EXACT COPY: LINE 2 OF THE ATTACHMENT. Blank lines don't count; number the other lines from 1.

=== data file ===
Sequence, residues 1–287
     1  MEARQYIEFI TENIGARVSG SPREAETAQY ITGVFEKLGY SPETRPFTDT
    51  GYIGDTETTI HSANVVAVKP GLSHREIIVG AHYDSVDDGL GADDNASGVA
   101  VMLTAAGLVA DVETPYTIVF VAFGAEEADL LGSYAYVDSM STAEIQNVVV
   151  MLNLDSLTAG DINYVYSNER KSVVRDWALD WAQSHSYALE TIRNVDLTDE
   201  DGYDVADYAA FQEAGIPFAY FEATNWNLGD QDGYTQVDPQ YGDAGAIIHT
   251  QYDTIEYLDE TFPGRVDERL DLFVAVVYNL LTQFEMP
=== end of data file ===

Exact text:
     1  MEARQYIEFI TENIGARVSG SPREAETAQY ITGVFEKLGY SPETRPFTDT